Snooker: After Ronnie the Rocket, Trump the young ace

Judd Trump does not turn 15 until 20 August, but so prodigious is his talent that Ladbrokes are offering just 10-1 against him becoming world champion and only 25-1 against him being the youngest-ever champion, a distinction held by Stephen Hendry at 21 years and three months.

Judd Trump does not turn 15 until 20 August, but so prodigious is his talent that Ladbrokes are offering just 10-1 against him becoming world champion and only 25-1 against him being the youngest-ever champion, a distinction held by Stephen Hendry at 21 years and three months.

In March, at 14 years, 206 days, Trump became the youngest player to make a 147 maximum in competition, superseding Ronnie O'Sullivan's effort at 15 years, 98 days 13 years ago.

Yesterday he became the youngest winner of an adult English national title by beating Craig Steadman, a solid 21-year-old from Bolton, 8-7 in the final of the English Open (open, that is, to any Englishman outside the top 64 in the world rankings) in Leeds.

Trump opened brilliantly with a total clearance of 132 on his first visit to the table and led 4-3 at lunch and 5-4, 36-0, early in the evening before a trio of frame winners from Steadman, 59, 70 and 82, put him two up with three to play. Trump obviously has the grit and nerve to match his talent, and levelled at 7-7 with a pair of timely half-centuries, 53 and 57, before making a match-winning 44 in the decider.

Young Trump first played when he was five, and was unbeaten for three years in the lower divisions of the Bristol League from the age of seven, winning the division's individual title each year. At 10, he won the English Under-15 Championship; at 13, he won it again; and this afternoon he is attempting to complete the hat-trick. He has won 100 tournaments, made 150 centuries in competition and earned more than £15,000 in prize-money in the last 18 months.

His highest-profile success was the £4,000 first prize in the Pontin's Open at Prestatyn last May, when he beat the former world No 5, Mike Hallett, 4-2 in the final. "He's got bags of talent and he's very confident, but most of all I was impressed with his temperament," Hallett said. "There was a crowd of about 800 and he took it all in his stride." Hallett added a warning, however. "There are plenty of pitfalls," he said. "It's all a big adventure at the moment. The test will come when he has a lull - and he will."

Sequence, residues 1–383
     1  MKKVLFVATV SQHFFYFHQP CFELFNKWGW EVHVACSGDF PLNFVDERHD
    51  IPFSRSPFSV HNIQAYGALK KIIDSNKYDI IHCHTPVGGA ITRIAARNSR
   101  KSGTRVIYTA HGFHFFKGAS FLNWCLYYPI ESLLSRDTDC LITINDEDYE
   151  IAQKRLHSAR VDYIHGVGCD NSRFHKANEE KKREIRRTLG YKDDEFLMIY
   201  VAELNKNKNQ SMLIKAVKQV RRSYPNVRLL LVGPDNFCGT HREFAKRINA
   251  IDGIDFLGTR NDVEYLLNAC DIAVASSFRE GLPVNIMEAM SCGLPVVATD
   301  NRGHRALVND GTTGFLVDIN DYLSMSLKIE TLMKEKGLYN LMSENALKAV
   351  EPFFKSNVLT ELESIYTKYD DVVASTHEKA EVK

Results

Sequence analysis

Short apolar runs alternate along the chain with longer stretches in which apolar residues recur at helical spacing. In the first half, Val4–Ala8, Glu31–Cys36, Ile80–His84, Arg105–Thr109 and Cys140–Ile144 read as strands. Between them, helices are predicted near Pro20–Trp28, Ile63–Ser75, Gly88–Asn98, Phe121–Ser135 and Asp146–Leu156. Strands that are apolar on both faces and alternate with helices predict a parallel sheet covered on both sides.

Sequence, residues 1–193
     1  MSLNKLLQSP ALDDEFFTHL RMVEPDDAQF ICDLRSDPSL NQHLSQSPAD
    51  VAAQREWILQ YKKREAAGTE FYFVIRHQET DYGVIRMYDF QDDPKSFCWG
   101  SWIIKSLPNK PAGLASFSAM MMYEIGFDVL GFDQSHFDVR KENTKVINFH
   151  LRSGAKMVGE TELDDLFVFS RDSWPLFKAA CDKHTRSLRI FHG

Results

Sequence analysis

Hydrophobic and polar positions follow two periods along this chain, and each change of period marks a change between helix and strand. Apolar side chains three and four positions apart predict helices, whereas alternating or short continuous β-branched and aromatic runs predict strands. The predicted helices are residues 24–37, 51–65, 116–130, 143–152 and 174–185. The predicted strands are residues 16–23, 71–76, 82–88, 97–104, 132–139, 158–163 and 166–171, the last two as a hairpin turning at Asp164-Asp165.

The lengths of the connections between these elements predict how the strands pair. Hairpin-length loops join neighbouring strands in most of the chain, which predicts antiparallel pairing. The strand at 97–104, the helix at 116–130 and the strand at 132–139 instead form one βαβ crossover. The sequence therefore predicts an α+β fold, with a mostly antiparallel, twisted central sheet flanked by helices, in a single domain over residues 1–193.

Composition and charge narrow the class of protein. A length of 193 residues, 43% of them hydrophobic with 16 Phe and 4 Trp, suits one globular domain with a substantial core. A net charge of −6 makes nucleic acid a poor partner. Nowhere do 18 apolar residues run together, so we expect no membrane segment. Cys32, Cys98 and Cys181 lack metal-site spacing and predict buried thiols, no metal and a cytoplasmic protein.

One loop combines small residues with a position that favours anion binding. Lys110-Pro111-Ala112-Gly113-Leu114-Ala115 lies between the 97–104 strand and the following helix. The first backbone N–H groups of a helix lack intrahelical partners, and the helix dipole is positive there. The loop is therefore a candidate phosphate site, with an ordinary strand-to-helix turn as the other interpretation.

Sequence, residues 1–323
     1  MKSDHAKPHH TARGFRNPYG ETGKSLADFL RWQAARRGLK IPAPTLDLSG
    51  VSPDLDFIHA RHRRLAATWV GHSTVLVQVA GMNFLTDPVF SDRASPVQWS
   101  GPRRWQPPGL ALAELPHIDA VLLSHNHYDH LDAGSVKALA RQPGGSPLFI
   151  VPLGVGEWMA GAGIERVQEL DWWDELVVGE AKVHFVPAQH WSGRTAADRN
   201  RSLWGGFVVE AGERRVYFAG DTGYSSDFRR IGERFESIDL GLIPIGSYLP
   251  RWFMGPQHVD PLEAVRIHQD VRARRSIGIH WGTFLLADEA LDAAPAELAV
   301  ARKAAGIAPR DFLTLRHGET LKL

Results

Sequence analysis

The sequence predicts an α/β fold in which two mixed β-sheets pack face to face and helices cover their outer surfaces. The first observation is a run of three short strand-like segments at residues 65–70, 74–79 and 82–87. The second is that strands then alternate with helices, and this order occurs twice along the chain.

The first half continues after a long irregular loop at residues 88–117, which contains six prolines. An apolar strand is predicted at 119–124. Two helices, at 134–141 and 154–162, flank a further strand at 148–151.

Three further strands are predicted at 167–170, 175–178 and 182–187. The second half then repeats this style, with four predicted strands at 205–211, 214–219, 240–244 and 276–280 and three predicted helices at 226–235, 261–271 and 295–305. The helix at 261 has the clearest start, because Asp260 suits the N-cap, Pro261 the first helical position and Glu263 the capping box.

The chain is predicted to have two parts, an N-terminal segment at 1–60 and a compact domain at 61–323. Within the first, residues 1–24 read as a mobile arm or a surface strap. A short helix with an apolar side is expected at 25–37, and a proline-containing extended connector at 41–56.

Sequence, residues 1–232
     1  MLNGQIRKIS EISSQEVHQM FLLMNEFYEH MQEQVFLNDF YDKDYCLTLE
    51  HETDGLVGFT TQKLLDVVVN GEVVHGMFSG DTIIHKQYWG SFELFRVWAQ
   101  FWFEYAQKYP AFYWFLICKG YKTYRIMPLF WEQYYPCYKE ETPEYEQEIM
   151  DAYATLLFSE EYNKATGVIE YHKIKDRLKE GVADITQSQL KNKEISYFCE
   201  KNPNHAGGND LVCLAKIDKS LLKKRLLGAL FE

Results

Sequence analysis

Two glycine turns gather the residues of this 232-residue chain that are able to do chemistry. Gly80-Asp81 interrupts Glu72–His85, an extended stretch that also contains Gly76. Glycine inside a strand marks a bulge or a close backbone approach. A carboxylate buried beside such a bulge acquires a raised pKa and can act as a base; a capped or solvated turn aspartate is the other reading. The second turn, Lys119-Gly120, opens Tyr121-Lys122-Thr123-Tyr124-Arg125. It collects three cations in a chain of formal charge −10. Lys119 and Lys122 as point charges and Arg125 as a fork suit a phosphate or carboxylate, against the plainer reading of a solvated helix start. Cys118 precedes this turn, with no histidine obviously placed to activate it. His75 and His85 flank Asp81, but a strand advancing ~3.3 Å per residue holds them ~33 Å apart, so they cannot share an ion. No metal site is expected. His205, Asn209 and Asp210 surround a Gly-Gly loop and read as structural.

Apart from the talent and the temperament, Trump also has the right emotional backing. He is blessed with supportive but not pushy parents: Steve, a long-distance lorry driver, and Georgina, who works in a local school. His younger brother Jack, who turned 12 yesterday but who already has a highest break of 75, is also one to watch. Yesterday afternoon Jack won the English Under-13 Championship.

"I think one of the things Judd has got going for him is that although he loves his snooker he's not obsessive," said Derek Curnow, the proprietor of Keynsham Snooker Club, Bristol, Judd's practice base. "When he's played, win or lose, he doesn't want to sit and analyse it. He goes and does something else." After winning the Pontin's Open he went out to play on the swings.

Curnow, a dyed-in-the-wool snooker man who helps guide Judd's career, is disappointed that the World Professional Billiards and Snooker Association will not allow him to compete on next season's Challenge Tour, one step below the world-ranking circuit.

Although the WPBSA's lower age-limit for membership is 16, Curnow argues that Trump should be given his chance on the Challenge Tour in order to qualify for the main tour as soon as possible.

"I've been invited to meet Sir Rodney Walker [the new chairman of the WPBSA], so I hope something can be done," he said.

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